Estudio Macías Peredo is led by Salvador Macías Corona and Magui Peredo Arenas and is based in Guadalajara, Mexico. In their lecture as one of the winners of the Architectural League’s annual Emerging Voices awards, Corona and Arenas reveal the ways in which the local conditions and building traditions of their country have become creative drivers for their contemporary practice of architecture. They have a shared interest in primitive buildings, seeking to incorporate some of the inherent abstract qualities of primitive structures in ways that address contemporary issues.
They begin by showing a hand-painted clay plane that they found in a local market and speak about its symbolic issues in relation to cultural appropriation, explaining how it symbolizes in many ways their approach to local architecture. Guadalajara itself represents an interesting architectural landscape that is defined by the work of skilled local laborers. This reality has developed their unique approach to design in which they are in constant dialogue with local artisans to intentionally plan for a certain degree of imperfection.
Some of their realizations about vernacular material came to them through their work on a local renovation project in which they uncovered traditionally built brick walls behind a modern whitewashed façade. To them, the wall represented a beautiful work in itself, and the decision was made to simply renovate the existing structure to keep the existing brick walls and showcase their texture. After their discovery of the potential for authentic brick masonry in their renovation project, they chose to incorporate the same building system into new projects.
Subsequent projects show contemporary bricks that are laid out to create textured walls and unique exterior spaces. Largely, the forms of their architecture are determined by the skills of their artisans. Through the use of modular systems, their artisans were able to use simple tools to efficiently create wood frame constructions on-site. The wood frame construction in several of their projects is left exposed, reinforcing the idea of architecture as a form of artisanal craft.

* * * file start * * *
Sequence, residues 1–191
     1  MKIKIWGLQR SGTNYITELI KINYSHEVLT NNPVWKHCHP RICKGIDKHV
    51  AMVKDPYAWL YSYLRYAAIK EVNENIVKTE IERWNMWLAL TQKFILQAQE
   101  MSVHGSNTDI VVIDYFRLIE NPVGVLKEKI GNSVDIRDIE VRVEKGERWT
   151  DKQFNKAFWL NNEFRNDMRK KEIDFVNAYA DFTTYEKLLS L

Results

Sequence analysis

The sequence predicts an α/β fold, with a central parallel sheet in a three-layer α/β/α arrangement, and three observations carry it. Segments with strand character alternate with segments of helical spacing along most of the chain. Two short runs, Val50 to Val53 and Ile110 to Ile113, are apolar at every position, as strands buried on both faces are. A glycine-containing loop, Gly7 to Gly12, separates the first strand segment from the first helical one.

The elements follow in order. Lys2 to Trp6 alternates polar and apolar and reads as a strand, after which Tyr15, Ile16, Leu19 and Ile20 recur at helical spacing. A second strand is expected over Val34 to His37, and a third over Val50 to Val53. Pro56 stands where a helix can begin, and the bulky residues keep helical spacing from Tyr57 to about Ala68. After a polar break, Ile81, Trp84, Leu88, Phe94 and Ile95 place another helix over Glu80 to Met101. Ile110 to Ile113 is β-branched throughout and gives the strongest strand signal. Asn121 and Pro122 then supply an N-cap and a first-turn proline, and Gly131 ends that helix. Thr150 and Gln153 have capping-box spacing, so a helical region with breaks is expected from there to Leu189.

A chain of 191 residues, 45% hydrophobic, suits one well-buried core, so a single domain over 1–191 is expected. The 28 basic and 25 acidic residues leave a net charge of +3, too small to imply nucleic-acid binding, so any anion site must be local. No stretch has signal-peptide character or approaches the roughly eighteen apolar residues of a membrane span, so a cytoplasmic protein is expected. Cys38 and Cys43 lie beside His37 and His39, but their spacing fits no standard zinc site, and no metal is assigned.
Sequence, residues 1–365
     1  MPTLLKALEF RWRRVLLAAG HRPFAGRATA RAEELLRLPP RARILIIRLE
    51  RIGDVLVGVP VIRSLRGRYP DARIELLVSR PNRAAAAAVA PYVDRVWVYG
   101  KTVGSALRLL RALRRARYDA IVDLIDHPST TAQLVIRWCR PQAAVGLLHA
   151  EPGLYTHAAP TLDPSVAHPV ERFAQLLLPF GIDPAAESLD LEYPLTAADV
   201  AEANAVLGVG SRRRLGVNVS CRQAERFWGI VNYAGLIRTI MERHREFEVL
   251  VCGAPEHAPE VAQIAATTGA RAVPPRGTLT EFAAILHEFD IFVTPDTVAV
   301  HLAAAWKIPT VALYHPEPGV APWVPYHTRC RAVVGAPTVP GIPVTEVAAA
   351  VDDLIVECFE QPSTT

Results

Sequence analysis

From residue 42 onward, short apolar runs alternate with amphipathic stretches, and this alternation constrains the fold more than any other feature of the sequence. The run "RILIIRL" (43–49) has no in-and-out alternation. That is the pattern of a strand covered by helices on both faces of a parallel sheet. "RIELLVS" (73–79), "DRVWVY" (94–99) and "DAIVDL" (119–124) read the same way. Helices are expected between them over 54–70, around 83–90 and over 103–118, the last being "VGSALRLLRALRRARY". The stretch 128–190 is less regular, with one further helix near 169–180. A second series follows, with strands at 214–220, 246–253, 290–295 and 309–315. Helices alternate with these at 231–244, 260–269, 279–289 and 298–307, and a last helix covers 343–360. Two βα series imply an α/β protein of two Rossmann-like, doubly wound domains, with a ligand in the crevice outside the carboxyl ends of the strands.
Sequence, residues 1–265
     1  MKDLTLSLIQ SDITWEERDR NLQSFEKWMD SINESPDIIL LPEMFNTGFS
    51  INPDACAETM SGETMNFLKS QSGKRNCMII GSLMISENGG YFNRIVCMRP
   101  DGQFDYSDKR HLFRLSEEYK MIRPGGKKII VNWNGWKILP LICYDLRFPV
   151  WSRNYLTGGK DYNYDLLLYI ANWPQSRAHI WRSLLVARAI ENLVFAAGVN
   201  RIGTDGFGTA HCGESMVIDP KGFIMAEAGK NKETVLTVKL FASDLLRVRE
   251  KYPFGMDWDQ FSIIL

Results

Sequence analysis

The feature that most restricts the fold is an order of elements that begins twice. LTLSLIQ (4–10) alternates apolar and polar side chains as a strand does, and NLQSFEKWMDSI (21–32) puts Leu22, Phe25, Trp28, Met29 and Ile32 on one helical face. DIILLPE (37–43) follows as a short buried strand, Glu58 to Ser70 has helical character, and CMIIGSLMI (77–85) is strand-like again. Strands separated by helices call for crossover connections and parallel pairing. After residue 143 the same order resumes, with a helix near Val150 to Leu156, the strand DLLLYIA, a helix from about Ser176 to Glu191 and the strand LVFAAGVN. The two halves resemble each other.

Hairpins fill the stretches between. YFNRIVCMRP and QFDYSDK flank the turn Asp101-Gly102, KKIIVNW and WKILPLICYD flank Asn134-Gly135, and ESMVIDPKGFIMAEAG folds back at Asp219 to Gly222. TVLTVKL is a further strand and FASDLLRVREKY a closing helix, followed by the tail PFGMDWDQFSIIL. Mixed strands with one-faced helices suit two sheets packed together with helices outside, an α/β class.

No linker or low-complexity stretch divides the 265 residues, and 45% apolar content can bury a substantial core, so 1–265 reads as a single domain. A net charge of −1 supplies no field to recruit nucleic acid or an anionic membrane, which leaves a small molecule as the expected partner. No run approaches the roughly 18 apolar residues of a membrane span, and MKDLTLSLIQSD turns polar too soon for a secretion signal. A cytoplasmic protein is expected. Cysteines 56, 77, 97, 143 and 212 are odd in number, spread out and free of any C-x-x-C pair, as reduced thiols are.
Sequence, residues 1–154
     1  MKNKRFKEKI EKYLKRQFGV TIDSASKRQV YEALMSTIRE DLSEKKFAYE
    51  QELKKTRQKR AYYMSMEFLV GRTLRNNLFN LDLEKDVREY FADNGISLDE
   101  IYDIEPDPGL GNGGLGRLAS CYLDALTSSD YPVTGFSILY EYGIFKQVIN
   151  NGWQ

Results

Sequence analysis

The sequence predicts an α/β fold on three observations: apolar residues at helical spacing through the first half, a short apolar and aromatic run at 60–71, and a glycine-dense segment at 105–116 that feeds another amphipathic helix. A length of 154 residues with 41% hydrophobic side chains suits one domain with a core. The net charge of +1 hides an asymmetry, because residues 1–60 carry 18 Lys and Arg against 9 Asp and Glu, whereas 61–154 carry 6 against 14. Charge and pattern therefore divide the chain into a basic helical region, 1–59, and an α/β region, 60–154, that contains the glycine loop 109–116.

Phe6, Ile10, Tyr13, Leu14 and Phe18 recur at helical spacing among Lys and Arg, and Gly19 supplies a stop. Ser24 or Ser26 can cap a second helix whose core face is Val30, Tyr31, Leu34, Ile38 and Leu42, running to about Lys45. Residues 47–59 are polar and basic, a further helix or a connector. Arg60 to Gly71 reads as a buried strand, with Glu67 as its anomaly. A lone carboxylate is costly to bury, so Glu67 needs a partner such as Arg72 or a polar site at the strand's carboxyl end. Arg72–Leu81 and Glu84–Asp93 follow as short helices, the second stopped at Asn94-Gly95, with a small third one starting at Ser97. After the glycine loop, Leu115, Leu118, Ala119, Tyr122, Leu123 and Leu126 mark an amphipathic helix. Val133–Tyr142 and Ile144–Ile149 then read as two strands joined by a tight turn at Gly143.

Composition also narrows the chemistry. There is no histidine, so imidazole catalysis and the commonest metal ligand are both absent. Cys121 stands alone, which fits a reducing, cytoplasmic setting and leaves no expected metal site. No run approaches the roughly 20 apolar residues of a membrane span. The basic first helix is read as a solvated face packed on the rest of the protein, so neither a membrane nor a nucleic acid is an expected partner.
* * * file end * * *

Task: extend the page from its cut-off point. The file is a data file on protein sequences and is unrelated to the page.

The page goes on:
Corona and Arenas reveal the ways in which they conceptualize their combination of primitive structures with thatch roofs with modernist forms such as the Farnsworth house. This hybridization was abstracted and further explored in their Casa Arenas house, where they attempted to combine the vernacular and the modern.
In Terraza CV in Zapopan, hand-cut masonry is carefully fitted together to give the modern house warm and vernacular qualities. These vernacular qualities are taken even further in one of their most recent projects currently under construction in which a traditional thatched roof structure often seen on Mexican beaches is incorporated. Used in combination with a concrete structure, the two materials create a truly hybrid building that embraces its local context.
Perhaps most significantly, Corona and Arenas reveal the ways in which many of their buildings demonstrate the passage of time through the simple integration of handmade and natural materials.